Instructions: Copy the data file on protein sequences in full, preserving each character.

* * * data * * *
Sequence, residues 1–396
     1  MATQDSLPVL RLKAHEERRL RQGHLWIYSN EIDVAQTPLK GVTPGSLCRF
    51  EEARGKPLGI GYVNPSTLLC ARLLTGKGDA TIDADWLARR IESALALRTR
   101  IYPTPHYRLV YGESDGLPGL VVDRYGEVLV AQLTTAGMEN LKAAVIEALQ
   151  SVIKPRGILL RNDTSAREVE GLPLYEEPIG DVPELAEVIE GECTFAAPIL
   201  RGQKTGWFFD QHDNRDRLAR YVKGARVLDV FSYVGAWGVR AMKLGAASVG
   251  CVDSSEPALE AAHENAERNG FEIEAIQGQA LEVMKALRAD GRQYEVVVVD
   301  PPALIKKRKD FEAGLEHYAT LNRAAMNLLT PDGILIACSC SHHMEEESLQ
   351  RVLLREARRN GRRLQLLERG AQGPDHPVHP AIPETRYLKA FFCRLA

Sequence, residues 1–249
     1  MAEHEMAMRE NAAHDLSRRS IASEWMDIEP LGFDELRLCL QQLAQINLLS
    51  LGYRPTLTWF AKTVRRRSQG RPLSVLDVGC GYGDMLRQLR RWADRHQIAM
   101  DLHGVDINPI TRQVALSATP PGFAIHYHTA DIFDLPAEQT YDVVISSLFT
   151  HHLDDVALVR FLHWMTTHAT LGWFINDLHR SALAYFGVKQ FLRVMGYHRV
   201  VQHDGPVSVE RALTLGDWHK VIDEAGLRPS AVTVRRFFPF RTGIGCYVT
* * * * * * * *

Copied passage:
Sequence, residues 1–396
     1  MATQDSLPVL RLKAHEERRL RQGHLWIYSN EIDVAQTPLK GVTPGSLCRF
    51  EEARGKPLGI GYVNPSTLLC ARLLTGKGDA TIDADWLARR IESALALRTR
   101  IYPTPHYRLV YGESDGLPGL VVDRYGEVLV AQLTTAGMEN LKAAVIEALQ
   151  SVIKPRGILL RNDTSAREVE GLPLYEEPIG DVPELAEVIE GECTFAAPIL
   201  RGQKTGWFFD QHDNRDRLAR YVKGARVLDV FSYVGAWGVR AMKLGAASVG
   251  CVDSSEPALE AAHENAERNG FEIEAIQGQA LEVMKALRAD GRQYEVVVVD
   301  PPALIKKRKD FEAGLEHYAT LNRAAMNLLT PDGILIACSC SHHMEEESLQ
   351  RVLLREARRN GRRLQLLERG AQGPDHPVHP AIPETRYLKA FFCRLA

Sequence, residues 1–249
     1  MAEHEMAMRE NAAHDLSRRS IASEWMDIEP LGFDELRLCL QQLAQINLLS
    51  LGYRPTLTWF AKTVRRRSQG RPLSVLDVGC GYGDMLRQLR RWADRHQIAM
   101  DLHGVDINPI TRQVALSATP PGFAIHYHTA DIFDLPAEQT YDVVISSLFT
   151  HHLDDVALVR FLHWMTTHAT LGWFINDLHR SALAYFGVKQ FLRVMGYHRV
   201  VQHDGPVSVE RALTLGDWHK VIDEAGLRPS AVTVRRFFPF RTGIGCYVT